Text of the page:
William Edwards Deming, a statistician and professor, developed a theory of management based on fourteen points that he considered critical for management to become transformational and thus lead their business to greater success. He published his ideas in a book titled “Out of the Crisis” and I recommend you get a copy for reference. His thoughts and published works have led to the development of systems like Total Quality Management, Six Sigma, and Lean. Deming’s work is not a blueprint for success, ready to be copied, but his fourteen points are a starting point for discussion, consideration and contemplation when it comes time for you to begin your journey of management transformation and improvement.

Let’s start this journey together, now, as we discuss Deming’s points and see how they may relate to you and your leadership style and business goals.

Point One: Create constancy of purpose toward improvement of product and service, with the aim to become competitive and to stay in business, and to provide jobs.

Seems pretty simple right? Well, this one little sentence is packed with complexity just waiting for us to unravel. This point squarely puts the onus on Management to make looking out for our employees the number one job, while the responsibility of the employee is to improve their product or service. The focus is not on the product or service; rather, the focus is on choosing to dependably improve our product or service. Acknowledge that what you offer isn’t perfect and can be done better. And if it isn’t done better by you, reliably, your competition will do it for you and put you out of business.

Deming also advocates that you focus your business on being competitive and providing jobs. To truly improve our competitiveness, I feel we must recognize the value our staff bring to our business, and concentrate on allowing them to self-improve. People—not the thing we produce or the service we provide—are at the core of our operation. Without our employees, nothing is made, nothing is sold, and no amount of marketing nor motivational speeches will change that – our staff make our business. Empower them.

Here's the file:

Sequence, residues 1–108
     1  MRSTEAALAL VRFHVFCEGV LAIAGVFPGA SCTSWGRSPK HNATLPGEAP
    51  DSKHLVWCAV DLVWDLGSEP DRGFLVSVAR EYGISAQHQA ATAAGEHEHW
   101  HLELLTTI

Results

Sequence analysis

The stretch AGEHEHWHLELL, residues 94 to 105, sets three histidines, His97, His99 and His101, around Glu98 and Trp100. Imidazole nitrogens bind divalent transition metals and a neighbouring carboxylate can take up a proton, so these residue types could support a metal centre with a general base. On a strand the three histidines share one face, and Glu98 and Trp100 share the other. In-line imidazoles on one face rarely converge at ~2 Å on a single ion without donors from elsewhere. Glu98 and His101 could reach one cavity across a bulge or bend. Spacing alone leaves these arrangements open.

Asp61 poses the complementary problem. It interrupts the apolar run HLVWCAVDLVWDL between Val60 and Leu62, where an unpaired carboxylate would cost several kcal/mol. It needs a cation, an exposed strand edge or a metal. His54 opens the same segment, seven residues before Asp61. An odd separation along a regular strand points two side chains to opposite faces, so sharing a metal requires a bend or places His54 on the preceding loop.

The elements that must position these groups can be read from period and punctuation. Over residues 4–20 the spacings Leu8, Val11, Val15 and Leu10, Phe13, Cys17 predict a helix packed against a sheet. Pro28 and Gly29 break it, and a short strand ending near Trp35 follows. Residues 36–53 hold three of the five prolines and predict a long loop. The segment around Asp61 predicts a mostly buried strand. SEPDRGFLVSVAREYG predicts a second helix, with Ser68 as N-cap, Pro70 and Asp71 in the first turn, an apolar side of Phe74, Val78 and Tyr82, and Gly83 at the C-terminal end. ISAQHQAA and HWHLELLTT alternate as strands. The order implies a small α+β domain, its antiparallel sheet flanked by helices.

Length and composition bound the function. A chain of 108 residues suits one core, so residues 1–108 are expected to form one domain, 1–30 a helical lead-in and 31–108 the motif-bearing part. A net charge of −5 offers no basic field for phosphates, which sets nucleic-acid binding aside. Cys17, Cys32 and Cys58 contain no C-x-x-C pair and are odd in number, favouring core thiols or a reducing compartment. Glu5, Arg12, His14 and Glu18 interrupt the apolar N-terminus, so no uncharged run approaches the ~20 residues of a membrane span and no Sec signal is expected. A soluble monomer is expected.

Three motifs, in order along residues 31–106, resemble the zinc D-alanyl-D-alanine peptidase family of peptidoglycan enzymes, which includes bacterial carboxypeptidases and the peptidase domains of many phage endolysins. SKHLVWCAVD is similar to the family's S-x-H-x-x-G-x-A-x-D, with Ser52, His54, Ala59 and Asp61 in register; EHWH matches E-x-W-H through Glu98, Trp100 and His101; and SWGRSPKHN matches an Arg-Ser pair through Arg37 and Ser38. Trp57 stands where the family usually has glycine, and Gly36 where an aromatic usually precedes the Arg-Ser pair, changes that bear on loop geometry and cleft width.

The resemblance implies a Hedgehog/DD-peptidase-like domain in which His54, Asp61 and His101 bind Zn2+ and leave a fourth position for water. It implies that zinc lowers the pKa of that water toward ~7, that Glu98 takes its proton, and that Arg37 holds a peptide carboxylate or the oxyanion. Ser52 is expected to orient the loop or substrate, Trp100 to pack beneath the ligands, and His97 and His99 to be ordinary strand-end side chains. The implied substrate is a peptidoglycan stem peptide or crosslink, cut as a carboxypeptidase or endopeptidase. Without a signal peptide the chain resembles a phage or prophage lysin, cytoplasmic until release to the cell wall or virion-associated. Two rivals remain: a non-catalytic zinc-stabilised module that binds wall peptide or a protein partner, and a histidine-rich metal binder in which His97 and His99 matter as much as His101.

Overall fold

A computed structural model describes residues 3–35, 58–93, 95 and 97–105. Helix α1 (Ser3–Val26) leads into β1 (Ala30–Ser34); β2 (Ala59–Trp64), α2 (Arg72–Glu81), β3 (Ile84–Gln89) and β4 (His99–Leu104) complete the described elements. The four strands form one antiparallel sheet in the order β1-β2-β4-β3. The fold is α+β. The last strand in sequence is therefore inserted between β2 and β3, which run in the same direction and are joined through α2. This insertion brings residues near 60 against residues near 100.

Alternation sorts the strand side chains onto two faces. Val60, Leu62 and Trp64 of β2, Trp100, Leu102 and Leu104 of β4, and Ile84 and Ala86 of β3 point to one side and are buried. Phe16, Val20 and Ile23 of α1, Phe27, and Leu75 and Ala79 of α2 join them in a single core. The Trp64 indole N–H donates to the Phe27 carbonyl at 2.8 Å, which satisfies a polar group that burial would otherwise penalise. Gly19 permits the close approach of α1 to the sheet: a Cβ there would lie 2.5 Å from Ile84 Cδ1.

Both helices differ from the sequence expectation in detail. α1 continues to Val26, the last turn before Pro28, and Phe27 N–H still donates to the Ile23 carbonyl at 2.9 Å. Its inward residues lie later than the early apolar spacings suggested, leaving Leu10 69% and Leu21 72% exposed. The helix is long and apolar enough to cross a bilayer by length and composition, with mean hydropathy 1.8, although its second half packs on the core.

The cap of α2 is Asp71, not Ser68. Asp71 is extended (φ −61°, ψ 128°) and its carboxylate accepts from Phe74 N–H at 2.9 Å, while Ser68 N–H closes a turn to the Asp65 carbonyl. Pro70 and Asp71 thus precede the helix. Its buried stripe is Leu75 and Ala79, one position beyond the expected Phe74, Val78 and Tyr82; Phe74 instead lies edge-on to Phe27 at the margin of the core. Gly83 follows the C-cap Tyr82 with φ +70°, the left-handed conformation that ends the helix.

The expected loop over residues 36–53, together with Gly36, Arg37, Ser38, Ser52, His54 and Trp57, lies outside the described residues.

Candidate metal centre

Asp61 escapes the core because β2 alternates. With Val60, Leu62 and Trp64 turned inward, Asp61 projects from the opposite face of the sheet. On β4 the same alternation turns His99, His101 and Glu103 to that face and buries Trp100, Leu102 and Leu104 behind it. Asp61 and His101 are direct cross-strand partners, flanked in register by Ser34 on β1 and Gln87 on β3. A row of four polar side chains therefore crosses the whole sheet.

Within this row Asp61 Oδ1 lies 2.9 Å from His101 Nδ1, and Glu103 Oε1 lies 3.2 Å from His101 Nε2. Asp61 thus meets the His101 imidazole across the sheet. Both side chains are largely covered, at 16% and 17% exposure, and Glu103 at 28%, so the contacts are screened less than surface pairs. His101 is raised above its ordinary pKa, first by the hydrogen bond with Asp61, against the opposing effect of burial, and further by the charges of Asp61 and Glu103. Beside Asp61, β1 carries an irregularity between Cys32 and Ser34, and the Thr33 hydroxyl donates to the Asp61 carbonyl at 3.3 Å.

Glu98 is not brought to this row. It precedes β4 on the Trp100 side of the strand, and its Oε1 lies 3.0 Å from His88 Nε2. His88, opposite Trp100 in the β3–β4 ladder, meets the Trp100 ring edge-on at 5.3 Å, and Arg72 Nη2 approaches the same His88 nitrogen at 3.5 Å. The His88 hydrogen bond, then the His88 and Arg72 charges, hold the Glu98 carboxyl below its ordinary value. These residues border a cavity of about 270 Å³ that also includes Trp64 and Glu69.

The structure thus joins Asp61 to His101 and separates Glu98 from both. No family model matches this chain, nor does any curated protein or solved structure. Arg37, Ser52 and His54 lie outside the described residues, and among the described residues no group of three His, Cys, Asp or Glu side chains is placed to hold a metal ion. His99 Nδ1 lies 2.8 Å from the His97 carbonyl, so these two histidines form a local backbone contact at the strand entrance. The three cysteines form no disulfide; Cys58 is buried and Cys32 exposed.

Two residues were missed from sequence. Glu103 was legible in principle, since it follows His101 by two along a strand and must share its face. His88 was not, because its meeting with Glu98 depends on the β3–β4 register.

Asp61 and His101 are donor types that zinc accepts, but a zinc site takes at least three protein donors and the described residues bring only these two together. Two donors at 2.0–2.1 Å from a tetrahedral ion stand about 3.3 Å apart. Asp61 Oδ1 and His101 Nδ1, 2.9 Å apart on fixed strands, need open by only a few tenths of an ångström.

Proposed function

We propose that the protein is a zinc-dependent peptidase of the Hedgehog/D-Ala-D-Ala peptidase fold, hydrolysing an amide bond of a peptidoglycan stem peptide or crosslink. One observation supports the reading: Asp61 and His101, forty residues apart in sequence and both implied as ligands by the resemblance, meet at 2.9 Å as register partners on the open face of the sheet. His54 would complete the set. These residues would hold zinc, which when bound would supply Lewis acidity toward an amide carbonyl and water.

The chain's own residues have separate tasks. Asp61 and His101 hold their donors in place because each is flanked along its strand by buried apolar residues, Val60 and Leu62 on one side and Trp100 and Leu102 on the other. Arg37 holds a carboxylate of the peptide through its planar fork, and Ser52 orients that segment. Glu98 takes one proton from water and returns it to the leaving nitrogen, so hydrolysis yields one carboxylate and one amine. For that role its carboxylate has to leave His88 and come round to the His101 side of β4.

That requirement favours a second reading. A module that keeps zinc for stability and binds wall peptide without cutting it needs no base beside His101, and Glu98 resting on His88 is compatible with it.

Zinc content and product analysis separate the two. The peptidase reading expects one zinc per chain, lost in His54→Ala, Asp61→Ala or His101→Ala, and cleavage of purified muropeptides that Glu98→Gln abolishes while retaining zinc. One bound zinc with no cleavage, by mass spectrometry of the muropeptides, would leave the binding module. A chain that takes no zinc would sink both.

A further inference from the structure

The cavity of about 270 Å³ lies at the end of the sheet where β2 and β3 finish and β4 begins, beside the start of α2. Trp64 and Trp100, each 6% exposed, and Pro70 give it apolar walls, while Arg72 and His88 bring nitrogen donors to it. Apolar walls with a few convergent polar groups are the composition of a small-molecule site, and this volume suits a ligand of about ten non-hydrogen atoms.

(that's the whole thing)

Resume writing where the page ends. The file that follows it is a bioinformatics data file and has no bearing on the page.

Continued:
The secret to success...
Benjamin Disraeli said it succinctly

Benjamin Disraeli said it most succinctly – and I believe Deming would agree – that to truly succeed in your business Management must fully embrace continuous improvement as a living element in our operations, making it the basis of the corporate culture. Staff should be 100% supported by the the company and the management. Staff should be empowered to make positive changes to improve their working environment and better their product or service.  And there should never be any doubt that the company fully supports continuous improvement efforts.

As we continue this journey through Deming’s fourteen points, we’ll see how each point can easily stand on its own, while at the same time often reinforcing one another—much like management and staff have their own jobs to do but must work together to keep driving improvement forward to increase productivity.

Next Article: Point Two – Adopt the new philosophy


Lean Greenbelt Coaching Experience Recap

Guest post by Theresa Coleman-Kaiser, Assistant Vice President for Administration

Last year the State of Michigan embarked on a journey to bring Lean to state government as part of the Good Government transformation.  The “Lean Greenbelt” program was offered through a collaboration with Oakland University and the Michigan Lean Consortium (MLC), and to date 52 people have been certified, representing every state agency.

Through the MLC, I had the opportunity to volunteer as a coach to individuals in the third cohort of greenbelt candidates as they worked on their first projects of implementing lean in their state agencies. It was my job to provide guidance, feedback, and act as a sounding board to issues experienced on the projects, since I had walked in their shoes in my own Lean Journey.

My three candidates’ departments and projects were:

  • The employee onboard process at the Department of Technology, Management and Budget’s Organizational Performance & Measurement department
  • The out-of-state travel reporting process at the Department of Natural Resources
  • The Institutional Review Board (IRB) Process at the Department of Community Health

Without any background in state government, I was apprehensive about the coach’s role but was pleasantly surprised to find that the processes identified for improvement were very much like processes I would find here at Michigan Tech. In fact, we had done an IRB kaizen event here several years ago that I was familiar with.  Many of their questions and concerns were exactly the same as I had when I first began my Lean journey, such as which tool to use at any given point in time and how to best communicate improvements.

The candidates utilized a pull system for their coaching needs, and the way this worked is that I only provided coaching when they asked for it.  To familiarize myself with their projects, I first helped them develop and revise their project charter, which is similar to a kaizen profile that we would use at Michigan Tech.  This was accomplished through email and individual telephone calls.  I also set up a weekly conference call with the promise that I would be on the phone line to answer their questions during those weekly “office hours” if they needed it.  Almost every week I had at least one candidate calling in with questions or asking for suggestions on how to approach their lean implementation.

On October 17th I was able to travel to Lansing to see the final report-outs of all 19 greenbelt candidates, including my own three coachees.  This was an extremely rewarding experience for me, to be able to share my knowledge and lessons learned from my own Lean practice.  I am also proud to know that these projects have produced time savings, financial savings, improved morale and have reduced waste to make Michigan an even better place!